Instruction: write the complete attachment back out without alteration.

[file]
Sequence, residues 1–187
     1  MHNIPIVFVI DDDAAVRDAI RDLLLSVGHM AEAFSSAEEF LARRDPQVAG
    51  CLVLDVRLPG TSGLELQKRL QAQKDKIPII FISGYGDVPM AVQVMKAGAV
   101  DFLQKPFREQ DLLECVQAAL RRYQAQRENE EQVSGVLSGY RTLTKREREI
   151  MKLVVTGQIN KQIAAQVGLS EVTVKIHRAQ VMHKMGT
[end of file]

Sequence, residues 1–187
     1  MHNIPIVFVI DDDAAVRDAI RDLLLSVGHM AEAFSSAEEF LARRDPQVAG
    51  CLVLDVRLPG TSGLELQKRL QAQKDKIPII FISGYGDVPM AVQVMKAGAV
   101  DFLQKPFREQ DLLECVQAAL RRYQAQRENE EQVSGVLSGY RTLTKREREI
   151  MKLVVTGQIN KQIAAQVGLS EVTVKIHRAQ VMHKMGT